Looks like I found a 6-month rental in north Colorado Springs, way away from SE, which I'll just live at until I find a home then break the lease. I don't agree with renting for a year or more to decide if you like the area if it's where you're required to live for your job...the removal of choice makes owning a home pretty clearcut in my opinion. Especially with interest rates at historical lows.

If there are any clubs you guys would recommend, or any sort of social groups that would be good for meeting new people, feel free to name drop.
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Old 07-27-2016, 07:32 AM
 
Location: Black Forest, CO
1,454 posts, read 2,083,819 times
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Jack Quinns running club - About - Jack Quinn's Runners Club
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Old 07-27-2016, 11:51 AM
Status: "Goodbye fall ... hello winter" (set 22 days ago)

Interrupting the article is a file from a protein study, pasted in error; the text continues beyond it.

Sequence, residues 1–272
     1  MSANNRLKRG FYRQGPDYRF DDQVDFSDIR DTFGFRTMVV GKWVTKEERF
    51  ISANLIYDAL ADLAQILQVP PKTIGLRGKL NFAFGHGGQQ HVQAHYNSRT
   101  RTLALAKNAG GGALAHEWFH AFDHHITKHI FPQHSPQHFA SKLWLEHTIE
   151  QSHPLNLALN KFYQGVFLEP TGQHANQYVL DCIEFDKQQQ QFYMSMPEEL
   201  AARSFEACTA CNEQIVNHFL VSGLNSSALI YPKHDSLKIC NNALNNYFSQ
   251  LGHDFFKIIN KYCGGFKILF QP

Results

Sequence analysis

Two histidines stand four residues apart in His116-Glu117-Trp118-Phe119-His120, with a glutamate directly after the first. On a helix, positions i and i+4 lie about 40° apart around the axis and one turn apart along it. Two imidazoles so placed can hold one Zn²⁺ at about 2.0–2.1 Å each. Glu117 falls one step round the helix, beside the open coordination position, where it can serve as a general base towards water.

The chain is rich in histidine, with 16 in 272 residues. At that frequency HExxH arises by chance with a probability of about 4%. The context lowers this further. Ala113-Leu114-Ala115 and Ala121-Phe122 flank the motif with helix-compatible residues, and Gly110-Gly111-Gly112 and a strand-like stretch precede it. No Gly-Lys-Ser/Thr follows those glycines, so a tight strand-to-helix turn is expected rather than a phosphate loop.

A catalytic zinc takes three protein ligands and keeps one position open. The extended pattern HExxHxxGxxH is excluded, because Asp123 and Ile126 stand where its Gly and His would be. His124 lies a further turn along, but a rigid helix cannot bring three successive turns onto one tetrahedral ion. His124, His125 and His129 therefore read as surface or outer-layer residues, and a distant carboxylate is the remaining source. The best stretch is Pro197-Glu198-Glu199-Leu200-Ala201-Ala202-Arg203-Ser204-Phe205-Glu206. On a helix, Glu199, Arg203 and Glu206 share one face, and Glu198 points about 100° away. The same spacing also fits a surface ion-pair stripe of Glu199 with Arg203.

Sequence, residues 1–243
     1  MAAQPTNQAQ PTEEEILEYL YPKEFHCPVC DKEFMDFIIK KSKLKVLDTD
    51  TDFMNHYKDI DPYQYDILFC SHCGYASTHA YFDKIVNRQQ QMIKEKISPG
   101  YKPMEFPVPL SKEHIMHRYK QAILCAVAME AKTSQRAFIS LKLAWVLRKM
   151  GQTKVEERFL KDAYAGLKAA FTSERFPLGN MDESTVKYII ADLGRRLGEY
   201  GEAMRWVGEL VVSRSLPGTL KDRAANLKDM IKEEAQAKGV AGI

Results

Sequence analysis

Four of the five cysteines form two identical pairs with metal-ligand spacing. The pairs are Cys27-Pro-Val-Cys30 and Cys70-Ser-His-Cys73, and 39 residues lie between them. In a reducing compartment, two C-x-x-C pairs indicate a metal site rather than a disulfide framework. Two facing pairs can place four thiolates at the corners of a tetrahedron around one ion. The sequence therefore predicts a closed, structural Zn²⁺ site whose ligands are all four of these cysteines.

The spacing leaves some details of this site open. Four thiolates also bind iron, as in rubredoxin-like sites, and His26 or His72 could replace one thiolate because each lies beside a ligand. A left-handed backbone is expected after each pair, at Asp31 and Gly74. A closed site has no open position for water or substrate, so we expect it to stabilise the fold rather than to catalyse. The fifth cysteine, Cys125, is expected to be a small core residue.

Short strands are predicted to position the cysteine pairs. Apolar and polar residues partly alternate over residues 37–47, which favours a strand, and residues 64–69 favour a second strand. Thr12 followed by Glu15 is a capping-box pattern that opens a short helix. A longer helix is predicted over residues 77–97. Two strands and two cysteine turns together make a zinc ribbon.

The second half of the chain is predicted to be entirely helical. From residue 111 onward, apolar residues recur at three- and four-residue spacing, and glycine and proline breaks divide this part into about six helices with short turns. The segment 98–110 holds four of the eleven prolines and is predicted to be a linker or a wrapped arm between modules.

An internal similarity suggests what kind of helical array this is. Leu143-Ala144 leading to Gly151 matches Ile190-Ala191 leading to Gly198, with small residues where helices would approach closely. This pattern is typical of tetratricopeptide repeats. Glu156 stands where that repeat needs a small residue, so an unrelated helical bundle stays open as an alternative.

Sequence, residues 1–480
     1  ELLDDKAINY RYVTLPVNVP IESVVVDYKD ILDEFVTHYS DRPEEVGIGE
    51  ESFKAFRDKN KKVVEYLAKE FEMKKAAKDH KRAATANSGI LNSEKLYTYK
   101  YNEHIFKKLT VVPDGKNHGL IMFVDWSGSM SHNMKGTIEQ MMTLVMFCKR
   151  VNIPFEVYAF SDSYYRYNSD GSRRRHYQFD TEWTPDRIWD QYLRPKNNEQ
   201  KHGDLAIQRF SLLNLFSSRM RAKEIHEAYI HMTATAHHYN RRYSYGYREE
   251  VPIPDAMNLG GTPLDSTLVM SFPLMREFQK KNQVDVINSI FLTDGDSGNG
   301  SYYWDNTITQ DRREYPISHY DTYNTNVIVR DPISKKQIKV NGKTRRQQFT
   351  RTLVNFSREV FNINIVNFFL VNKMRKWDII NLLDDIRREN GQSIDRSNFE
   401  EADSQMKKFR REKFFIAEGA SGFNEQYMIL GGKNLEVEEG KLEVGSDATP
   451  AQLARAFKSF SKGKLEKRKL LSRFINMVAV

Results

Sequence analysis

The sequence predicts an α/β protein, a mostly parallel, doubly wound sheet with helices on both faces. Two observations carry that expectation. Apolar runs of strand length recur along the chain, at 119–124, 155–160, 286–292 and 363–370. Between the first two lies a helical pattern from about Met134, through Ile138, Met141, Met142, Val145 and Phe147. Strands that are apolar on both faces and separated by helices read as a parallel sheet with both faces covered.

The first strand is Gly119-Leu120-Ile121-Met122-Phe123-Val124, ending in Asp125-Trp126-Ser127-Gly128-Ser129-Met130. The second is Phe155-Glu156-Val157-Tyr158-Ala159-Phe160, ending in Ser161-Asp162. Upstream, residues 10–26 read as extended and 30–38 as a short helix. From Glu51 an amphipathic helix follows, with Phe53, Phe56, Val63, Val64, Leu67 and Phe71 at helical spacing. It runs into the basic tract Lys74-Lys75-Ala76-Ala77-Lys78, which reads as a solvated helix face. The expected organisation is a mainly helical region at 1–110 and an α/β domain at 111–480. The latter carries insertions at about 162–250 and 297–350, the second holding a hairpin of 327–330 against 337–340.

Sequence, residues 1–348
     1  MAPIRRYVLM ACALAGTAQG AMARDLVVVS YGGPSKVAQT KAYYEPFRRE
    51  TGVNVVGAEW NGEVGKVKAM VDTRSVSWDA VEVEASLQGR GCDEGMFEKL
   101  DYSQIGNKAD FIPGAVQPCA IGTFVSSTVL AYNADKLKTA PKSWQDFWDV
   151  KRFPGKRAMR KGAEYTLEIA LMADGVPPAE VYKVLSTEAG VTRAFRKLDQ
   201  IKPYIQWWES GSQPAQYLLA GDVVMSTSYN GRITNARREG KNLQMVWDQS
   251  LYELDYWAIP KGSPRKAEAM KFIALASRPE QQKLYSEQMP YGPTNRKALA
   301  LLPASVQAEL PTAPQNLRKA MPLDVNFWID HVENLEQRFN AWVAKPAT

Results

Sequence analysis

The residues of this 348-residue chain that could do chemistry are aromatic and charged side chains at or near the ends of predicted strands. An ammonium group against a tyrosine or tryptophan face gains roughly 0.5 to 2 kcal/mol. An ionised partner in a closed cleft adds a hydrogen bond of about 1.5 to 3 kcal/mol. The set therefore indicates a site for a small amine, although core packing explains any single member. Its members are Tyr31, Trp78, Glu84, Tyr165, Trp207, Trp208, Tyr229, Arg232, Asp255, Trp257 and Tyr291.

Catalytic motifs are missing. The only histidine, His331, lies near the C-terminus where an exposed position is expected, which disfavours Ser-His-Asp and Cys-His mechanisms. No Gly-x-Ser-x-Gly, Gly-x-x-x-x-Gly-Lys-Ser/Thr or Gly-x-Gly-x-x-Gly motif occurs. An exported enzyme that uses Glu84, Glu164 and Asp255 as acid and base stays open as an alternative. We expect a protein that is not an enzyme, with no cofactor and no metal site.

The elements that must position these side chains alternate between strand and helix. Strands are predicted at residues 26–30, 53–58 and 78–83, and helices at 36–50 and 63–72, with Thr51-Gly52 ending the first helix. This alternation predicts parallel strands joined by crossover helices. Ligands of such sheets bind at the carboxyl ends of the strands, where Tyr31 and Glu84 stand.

Location: Manitou Springs
928 posts, read 1,033,180 times
Reputation: 810
Quote:
Originally Posted by scubatim84 View Post
Good to know. I don't mind some liberal values actually; I just don't want it totally whitewashed one way or the other. I think extreme liberalism is as dangerous as extreme conservatism.

Looks like I found a 6-month rental in north Colorado Springs, way away from SE, which I'll just live at until I find a home then break the lease. I don't agree with renting for a year or more to decide if you like the area if it's where you're required to live for your job...the removal of choice makes owning a home pretty clearcut in my opinion. Especially with interest rates at historical lows.

If there are any clubs you guys would recommend, or any sort of social groups that would be good for meeting new people, feel free to name drop.
Check out MeetUp - there are many hiking, biking, running groups in the area.

There's this: Colorado Mountain Club | Colorado's leading organization dedicated to adventure, recreation, conservation and education

You'll find plenty of opportunity for outdoor adventures and quite a few people in your age range that enjoy that lifestyle.

By the way, there's nothing all that wrong with the SE part of town, despite what others may say. There are areas in every part of this region that have good and bad features. If you like trees and shade, you may find the NE side of town depressing (I do). And yes, that's an untrue blanket statement, just as statements about the SE are.